Although the present invention has been described in connection with the preferred form of practicing it, those of ordinary skill in the art will understand that many modifications can be made thereto within the scope of the claims that follow. Accordingly, it is not intended that the scope of the invention in any way be limited by the above description, but instead be determined entirely by reference to the claims that follow.
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|U.S. Classification||604/20, 604/274, 604/272, 604/273|
|International Classification||A61M37/00, B81B1/00, B81C1/00, A61B5/15, A61M5/32|
|Cooperative Classification||A61B5/150282, A61B5/150969, A61B5/157, A61B5/150984, A61B5/150022, A61B5/150221, A61B5/150748, A61B5/15087, A61B5/14514, B81B2201/055, A61M2037/0038, A61M37/0015, B81C1/00111, A61M2037/003, A61M2037/0053, A61M2037/0023|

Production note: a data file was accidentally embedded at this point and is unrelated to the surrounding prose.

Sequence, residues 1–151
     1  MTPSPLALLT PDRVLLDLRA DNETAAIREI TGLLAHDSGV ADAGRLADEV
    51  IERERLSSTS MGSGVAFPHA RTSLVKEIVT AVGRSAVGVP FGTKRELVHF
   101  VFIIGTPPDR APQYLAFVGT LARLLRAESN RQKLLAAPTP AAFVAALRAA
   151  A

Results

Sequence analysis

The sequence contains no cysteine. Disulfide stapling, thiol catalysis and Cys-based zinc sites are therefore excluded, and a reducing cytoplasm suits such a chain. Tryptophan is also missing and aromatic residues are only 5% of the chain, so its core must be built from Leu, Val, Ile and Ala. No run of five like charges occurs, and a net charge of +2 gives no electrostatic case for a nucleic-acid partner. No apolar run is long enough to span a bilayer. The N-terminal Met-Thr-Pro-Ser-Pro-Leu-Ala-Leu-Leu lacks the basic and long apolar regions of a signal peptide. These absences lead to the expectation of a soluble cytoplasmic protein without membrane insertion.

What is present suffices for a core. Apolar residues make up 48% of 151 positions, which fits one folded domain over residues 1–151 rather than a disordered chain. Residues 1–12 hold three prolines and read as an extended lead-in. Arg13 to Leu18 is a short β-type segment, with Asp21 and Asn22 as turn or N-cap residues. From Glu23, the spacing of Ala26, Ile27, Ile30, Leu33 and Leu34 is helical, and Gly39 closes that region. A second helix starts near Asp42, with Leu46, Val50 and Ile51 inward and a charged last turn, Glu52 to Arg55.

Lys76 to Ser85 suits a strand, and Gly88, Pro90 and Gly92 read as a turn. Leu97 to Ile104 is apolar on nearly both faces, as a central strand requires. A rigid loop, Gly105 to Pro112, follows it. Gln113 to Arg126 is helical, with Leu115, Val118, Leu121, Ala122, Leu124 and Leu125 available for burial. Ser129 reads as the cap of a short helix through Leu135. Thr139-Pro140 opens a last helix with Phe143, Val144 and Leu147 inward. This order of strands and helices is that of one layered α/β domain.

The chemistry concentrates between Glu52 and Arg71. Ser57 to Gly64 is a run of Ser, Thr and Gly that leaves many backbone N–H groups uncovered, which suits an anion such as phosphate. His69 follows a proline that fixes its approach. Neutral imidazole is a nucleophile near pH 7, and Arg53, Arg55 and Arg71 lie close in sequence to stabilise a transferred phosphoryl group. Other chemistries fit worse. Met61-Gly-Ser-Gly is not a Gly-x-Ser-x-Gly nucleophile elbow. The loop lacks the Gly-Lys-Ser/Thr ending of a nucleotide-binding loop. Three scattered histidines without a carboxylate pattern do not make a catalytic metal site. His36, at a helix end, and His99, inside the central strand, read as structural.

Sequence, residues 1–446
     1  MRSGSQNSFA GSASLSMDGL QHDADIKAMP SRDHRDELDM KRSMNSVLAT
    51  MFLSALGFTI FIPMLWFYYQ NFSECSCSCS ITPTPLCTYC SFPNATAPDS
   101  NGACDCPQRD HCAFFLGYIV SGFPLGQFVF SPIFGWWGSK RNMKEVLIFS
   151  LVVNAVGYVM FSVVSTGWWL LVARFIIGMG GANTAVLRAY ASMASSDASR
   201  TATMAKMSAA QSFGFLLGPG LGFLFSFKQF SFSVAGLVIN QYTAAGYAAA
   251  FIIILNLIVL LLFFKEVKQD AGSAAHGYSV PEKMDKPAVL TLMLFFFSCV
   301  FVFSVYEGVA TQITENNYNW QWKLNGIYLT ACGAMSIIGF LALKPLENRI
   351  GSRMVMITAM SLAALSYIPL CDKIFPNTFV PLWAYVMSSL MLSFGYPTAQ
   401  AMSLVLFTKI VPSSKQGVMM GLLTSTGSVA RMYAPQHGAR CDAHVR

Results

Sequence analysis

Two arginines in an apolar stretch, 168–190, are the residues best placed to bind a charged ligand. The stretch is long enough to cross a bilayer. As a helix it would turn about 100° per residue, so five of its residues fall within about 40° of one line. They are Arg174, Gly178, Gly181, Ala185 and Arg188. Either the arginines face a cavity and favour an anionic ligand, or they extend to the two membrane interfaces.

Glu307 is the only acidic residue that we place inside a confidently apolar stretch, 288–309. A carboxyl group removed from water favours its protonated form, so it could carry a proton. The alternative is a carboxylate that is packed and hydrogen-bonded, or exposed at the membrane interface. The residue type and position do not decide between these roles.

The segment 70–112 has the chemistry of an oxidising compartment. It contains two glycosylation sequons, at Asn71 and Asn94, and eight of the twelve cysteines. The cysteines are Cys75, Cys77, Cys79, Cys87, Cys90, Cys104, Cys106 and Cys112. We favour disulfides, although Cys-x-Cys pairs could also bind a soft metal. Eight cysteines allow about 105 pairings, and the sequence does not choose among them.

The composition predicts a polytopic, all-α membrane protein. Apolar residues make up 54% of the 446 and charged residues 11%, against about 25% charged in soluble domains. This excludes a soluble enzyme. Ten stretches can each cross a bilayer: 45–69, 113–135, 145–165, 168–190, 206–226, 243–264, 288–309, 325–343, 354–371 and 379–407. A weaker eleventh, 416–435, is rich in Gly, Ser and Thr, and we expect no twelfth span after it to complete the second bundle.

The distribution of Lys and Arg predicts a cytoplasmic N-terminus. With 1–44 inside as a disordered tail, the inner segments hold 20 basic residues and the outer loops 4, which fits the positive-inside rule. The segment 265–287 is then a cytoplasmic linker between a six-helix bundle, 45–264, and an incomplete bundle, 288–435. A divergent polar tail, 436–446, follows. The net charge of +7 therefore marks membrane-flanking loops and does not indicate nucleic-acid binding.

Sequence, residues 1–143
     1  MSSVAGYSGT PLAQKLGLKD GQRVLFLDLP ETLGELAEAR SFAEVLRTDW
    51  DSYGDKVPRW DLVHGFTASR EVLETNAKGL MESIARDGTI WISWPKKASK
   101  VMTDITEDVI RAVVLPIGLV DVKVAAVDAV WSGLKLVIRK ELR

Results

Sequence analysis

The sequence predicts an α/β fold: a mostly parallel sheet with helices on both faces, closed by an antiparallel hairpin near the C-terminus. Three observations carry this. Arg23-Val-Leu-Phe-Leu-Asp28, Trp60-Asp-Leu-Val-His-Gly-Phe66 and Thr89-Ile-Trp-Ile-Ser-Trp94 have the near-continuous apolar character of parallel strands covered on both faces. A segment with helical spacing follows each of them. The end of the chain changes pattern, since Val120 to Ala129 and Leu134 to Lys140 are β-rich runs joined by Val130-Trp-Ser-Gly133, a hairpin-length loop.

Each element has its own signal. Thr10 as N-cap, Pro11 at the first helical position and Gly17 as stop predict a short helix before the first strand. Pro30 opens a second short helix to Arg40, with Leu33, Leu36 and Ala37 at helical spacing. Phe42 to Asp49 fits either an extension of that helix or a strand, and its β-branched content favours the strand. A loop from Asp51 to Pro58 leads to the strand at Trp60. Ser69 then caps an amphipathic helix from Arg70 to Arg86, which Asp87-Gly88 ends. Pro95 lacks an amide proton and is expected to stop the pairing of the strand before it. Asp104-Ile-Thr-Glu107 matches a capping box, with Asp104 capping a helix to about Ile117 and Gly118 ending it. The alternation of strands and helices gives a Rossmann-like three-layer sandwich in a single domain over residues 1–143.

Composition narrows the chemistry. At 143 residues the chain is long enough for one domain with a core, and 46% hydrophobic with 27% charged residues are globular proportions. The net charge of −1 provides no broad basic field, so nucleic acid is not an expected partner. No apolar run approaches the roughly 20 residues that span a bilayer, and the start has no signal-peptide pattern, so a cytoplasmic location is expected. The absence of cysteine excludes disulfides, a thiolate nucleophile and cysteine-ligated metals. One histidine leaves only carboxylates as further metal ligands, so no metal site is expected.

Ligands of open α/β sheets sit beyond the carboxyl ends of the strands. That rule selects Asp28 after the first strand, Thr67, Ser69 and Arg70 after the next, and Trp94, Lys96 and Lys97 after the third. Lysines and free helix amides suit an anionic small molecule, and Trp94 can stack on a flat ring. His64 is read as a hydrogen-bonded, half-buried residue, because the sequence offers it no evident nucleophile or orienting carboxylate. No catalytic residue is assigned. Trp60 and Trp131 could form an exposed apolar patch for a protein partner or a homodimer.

|European Classification||A61M37/00M, A61B5/14B2, B81C1/00C2T|
|Jul 28, 2004||AS||Assignment|
Owner name: HOSPIRA, INC., ILLINOIS
Free format text: ASSIGNMENT OF ASSIGNORS INTEREST;ASSIGNOR:ABBOTT LABORATORIES;REEL/FRAME:014921/0536
Effective date: 20040430
|May 21, 2009||FPAY||Fee payment|
Year of fee payment: 4
|Aug 9, 2013||REMI||Maintenance fee reminder mailed|
|Dec 27, 2013||LAPS||Lapse for failure to pay maintenance fees|
|Feb 18, 2014||FP||Expired due to failure to pay maintenance fee|
Effective date: 20131227